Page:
Meanwhile, he was out in the world doing whatever it was he was doing. We stayed in touch via email, but that all came to a grinding halt when I got eloped with my husband out of the blue.
We got back in touch when both of us were expecting our first children, and they were born about six months apart from one another.
He gradually transitioned from being the guy that I was convinced was the other half of my soul (OMG, movies have really played a number on me) to being the other half of a truly incredible friendship.
Since first meeting 15 years ago, we’ve talked each other through a lot of intense moments, wonderful moments, and everything in between (while living in different countries). We’re now in touch sporadically, but we’re always happy to hear from one another.
When it comes to how M plays a role in the way I raise my son, it’s pretty easy: I want my son to love music the way M does. I want my son to love me, his mother, the way M loves his own. I want my son to have a thirst for travel and to know when to something is too hard or too toxic to keep on with, and I want him to be a dreamer.
THE ONE I WAS KIND OF MEAN TO
In between re-meeting M and meeting my husband, I dated J. I met him through work – we both waited tables at different locations of the same chain. He told my manager that I was the most beautiful girl he had seen and she promptly pulled me into her office and told me I needed to take this seriously.
I clearly remember her looking in my eyes and saying, “This is not the kind of thing you ignore.”
At the time I was all mopey and convinced that what I REALLY needed to be doing with my life was pining for someone who lived across countries and continents, not, you know, dating a nice guy who lived 10 minutes away.
I don’t remember exactly how it happened, but all of the sudden I started getting sub shifts that the restaurant where J worked, and we started hanging out. He was in a band, wrote songs that I liked, and was (and is) a really amazing, nice human being.
He likes nerdy space and alien stuff and good songs and would let me rattle on about whatever I wanted to rattle on about, and I more or less treated him pretty awfully. Instead of opening my eyes and realizing that Hey: this guy is actually really nice.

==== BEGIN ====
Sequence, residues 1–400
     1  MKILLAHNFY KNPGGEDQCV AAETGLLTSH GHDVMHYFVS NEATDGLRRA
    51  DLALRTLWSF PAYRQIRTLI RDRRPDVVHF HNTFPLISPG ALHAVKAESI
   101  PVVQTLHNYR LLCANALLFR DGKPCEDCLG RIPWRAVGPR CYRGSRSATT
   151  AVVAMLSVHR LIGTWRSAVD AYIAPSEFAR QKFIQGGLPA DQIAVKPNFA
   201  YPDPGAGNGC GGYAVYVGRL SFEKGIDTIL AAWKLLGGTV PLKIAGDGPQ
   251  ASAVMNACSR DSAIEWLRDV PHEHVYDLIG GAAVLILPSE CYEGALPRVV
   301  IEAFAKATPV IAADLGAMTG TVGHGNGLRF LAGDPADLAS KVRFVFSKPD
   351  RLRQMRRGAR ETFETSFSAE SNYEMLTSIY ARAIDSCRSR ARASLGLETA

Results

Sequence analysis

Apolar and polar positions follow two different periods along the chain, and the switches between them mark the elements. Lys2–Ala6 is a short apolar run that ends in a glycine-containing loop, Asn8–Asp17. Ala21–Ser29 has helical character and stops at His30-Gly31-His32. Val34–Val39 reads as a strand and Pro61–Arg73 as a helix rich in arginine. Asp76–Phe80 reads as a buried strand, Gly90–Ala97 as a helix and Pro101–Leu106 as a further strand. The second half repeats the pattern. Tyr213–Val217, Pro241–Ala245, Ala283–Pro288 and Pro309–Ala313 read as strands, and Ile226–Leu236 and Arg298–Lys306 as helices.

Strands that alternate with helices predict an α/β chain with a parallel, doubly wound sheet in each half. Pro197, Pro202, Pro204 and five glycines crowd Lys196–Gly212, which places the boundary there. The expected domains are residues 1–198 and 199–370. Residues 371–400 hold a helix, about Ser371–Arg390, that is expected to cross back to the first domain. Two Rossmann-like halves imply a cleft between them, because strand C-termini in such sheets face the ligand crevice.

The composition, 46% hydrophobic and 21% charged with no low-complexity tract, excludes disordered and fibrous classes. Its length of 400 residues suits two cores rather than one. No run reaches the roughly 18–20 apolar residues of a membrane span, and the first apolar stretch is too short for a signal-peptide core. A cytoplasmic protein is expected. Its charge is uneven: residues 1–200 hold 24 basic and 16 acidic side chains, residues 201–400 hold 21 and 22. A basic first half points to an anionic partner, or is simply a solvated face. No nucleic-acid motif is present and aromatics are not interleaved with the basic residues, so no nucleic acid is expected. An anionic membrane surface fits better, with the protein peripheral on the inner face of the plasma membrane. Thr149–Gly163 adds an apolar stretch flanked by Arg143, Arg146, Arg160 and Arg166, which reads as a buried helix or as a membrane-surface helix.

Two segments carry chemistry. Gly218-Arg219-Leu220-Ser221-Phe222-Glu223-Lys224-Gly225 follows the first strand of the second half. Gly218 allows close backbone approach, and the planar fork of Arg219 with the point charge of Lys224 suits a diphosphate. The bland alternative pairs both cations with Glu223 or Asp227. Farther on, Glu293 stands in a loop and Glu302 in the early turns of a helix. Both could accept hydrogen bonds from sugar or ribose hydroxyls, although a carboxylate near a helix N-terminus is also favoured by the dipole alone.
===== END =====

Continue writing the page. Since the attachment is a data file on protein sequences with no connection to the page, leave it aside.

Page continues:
I ultimately ended the relationship because I met the guy I married (and am still married to, over eight years later), but I don’t even know exactly what I said to J.
Luckily, even though I was the worst, we’re still friends (mostly online, but we’ve met up once or twice since). When it comes to my kid, I hope to all eternity and back again that my son is equally into nerdy space and alien stuff, dabbles in the creation of music, and is nice but not so nice that he’ll let someone date him even if she shouldn’t be doing so.
THE ONE THAT I MARRIED
Short version: I met my husband in a Sociology class in college. In fact, I saw him as I was walking to a different seat in the classroom and promptly walked over and sat right behind me.
I comment on his handwriting, he commented on mine, and that was that. We both found ourselves at a meeting for the Student Sociology Association a few weeks later, and we both volunteered to be the President.
We ended up working as co-Presidents. Our first date was a 13-hour (each way) road trip to see Beck play in Philadelphia, and after we got home I just kind of moved in with him. We eloped three months after that date.
Obviously I think my husband is an incredible human being. We’ve had our intense ups, our intense downs, and we’ve dealt with a ton of shit in between. He’s a gentle, patient, loving father to our son, and he is the number one guy ever in my life that I would want to raise a kid with.
He’s beyond supportive as a husband, has put anything and everything I wanted to do at the forefront of our marriage (to his detriment, but we’ve worked it out). My husband, as the man he is today, is the best.
But the boy I met in 2006? That boy… that boy was the sweetest guy. He was also crass and wild and opinionated. He was gentle and patient and would listen to “Poison Cup” by M. Ward over and over because I wanted to, because I said it made me think of him, even though he hates the intro to the song with a fiery passion.
When I think about who I want my son to be, I think of the boy I knew in 2006 who met me at the top of the mall parking lot and watched cars drive by while the sun set. I think about the boy who was funny and charming, the boy who trusted me so immediately with deep secrets, the boy who got me in a way that I wasn’t full prepared for.
That boy is my guy, and he’s turned into the man who is raising my other guy alongside me… and it’s a dream.
When I sat down to write this, I worried that it would sound… weird. I don’t think we’re generally encouraged to glorify our exes, or even speak highly of them in most contexts, let alone publicly on the Internet.
But I’ve always been a big fan of staying on good terms with people who have meant something to me, and I’m a bit of a lifer. I feel incredibly lucky to have known, to still know, and/or to have obsessively loved each of these guys.
I’m glad that I can draw on my experiences with them to help shape the dude I’m helping put on the track to adulthood.